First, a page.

Macarena Pizarro from Agrosuper added that “we increasingly see more women at different links of our industry’s value chain. We can be found at the breeding pens to the companies’ management and strategic areas, which means that we can increasingly show how equitable teams are complementary. Many of us have been the first woman in some positions. That is why our challenge is to leave a mark, which is not easy when you have so few models of women leadership to turn to; and at the same time, we need to open the path for more women to fill first and second line positions. I am lucky to be part of Agrosuper, where the invitation to “transform” is part of the culture. I have been lucky to always have the same opportunities as my peers and have been able to create and act on equal terms. However, as a society and industry we still have the task to accelerate women’s inclusion.”

“I think that seeing women in leadership positions is an inspiration to continue breaking gender stereotypes and promoting gender equality. Measures such as childcare, parental leave, co-responsibility, child support, etc., have helped with the necessary balance between work, family and personal life, and mitigating the challenges of combining parenting and work. But there is still a long way to go in this adjustment of roles, which must be done without unfair discrimination against neither men nor women,” said Jimena Allende Vial.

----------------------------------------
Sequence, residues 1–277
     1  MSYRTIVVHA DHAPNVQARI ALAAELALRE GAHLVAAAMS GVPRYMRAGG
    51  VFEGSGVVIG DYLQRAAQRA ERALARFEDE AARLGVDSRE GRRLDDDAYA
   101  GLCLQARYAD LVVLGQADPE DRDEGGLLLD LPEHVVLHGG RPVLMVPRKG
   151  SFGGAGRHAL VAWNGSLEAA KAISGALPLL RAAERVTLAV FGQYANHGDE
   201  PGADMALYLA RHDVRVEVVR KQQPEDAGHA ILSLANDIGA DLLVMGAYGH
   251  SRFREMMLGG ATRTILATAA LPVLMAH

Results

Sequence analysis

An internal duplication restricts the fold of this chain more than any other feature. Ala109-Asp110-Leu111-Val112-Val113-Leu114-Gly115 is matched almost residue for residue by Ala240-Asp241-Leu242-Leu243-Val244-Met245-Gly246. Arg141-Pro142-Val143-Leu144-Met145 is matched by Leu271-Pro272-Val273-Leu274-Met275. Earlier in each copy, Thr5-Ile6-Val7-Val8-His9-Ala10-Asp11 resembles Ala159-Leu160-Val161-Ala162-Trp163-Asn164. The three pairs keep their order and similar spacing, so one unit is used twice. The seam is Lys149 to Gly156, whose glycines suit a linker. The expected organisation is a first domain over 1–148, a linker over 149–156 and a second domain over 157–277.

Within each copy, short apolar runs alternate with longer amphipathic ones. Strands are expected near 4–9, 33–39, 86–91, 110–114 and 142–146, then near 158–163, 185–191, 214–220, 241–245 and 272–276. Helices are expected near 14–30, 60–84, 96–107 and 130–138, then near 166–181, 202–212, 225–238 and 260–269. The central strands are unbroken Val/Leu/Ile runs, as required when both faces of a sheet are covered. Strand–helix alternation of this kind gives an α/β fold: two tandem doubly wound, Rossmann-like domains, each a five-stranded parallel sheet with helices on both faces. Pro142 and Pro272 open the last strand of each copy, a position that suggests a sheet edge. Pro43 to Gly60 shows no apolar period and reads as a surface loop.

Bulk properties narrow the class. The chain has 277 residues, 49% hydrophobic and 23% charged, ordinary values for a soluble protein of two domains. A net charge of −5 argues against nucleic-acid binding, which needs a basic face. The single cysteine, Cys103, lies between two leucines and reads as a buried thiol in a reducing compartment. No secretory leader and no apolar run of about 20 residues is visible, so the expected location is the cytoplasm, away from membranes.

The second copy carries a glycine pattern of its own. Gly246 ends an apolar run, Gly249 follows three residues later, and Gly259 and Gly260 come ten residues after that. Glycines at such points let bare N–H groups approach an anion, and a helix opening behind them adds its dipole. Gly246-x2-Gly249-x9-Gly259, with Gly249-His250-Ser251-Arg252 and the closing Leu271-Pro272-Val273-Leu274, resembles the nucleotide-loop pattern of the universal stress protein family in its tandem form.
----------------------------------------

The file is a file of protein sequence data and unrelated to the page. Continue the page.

Ximena Cáceres added that “I would like to inspire others in the industry to focus not only on production, but also on our people, the proper use of resources, and our relationship with communities. In terms of inclusion, I think Chile faces the challenge of giving women even more development opportunities and not wait for them to prove their capabilities before considering them for positions of increasing responsibility. We also need to move forward in making family life and work more compatible. Important steps are being taken in terms of regulation, but I think we need to start by changing mindsets.”

“I am not looking for recognition itself, but to prove through my actions and achievements that it is possible to open room for equal opportunities, for men and women to work side by side toward common goals with mutual respect. I hope that, going forward, the industry reflects greater inclusion and diversity, recognizing and valuing the contribution of women at all levels; that my time in this industry serves to pave the way for other women,” concluded María Gloria Gutiérrez.